Teenagers exposed to cigarette smoke in the womb are at risk for attention problems, and the deficits worsen if the teens themselves smoke, according to a new study.
Doctors at Yale University School of Medicine, in a study that will be published today in the journal Neuropsychopharmacology, suggest that tobacco plays a critical role in the developing brain, whether it's in a fetus or in a teenager whose brain is still a work in progress.
Dr. Leslie Jacobsen, an associate professor of psychiatry and pediatrics, tested 181 adolescents, including 92 who had been exposed to cigarette smoke in utero.
They found that the more exposure - during fetal development or adolescence - the more compromised their attention circuits were, according to Jacobsen.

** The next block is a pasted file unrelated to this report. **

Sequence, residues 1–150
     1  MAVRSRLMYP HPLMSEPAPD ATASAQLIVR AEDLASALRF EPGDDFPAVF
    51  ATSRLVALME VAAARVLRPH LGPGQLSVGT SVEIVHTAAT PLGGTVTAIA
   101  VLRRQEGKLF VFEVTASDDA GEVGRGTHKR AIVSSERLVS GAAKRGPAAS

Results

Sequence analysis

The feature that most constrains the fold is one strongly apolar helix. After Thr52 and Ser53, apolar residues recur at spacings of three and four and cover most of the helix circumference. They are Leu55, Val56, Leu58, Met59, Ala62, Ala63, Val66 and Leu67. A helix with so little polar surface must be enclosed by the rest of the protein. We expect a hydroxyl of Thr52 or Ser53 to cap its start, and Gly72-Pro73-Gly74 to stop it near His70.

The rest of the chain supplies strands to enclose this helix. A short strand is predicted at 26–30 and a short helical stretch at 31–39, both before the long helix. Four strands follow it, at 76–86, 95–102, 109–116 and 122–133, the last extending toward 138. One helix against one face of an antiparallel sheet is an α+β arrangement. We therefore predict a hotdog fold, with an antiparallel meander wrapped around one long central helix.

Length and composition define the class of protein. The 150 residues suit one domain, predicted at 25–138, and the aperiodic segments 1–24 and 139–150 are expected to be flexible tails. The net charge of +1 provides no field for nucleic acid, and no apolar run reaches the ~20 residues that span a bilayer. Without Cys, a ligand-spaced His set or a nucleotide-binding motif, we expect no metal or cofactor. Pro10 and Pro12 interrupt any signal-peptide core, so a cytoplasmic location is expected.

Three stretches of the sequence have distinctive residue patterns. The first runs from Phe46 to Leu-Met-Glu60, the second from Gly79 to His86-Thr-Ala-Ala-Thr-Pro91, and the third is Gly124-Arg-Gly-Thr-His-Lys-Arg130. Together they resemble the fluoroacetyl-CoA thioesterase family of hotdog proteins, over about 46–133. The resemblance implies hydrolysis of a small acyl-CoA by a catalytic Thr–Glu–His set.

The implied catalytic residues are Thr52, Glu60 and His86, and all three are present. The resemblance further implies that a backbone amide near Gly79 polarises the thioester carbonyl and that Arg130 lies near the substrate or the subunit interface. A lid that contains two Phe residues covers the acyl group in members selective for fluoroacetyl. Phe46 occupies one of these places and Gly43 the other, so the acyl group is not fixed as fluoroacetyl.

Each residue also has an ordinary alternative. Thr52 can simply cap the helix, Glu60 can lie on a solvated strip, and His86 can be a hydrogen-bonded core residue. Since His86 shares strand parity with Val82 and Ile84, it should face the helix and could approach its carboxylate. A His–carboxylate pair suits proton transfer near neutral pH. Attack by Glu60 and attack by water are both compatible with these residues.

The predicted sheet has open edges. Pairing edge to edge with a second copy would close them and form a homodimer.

There was a 13 percent difference in the scores between smokers exposed in utero and those with no history of smoke exposure. Male teens' scores on visual attention appeared no different than those of boys with no exposure to smoke.
In girls, there was an 8 percent reduction in auditory and visual information processing. The teenagers, with an average age of 16, had been smoking daily for more than two years.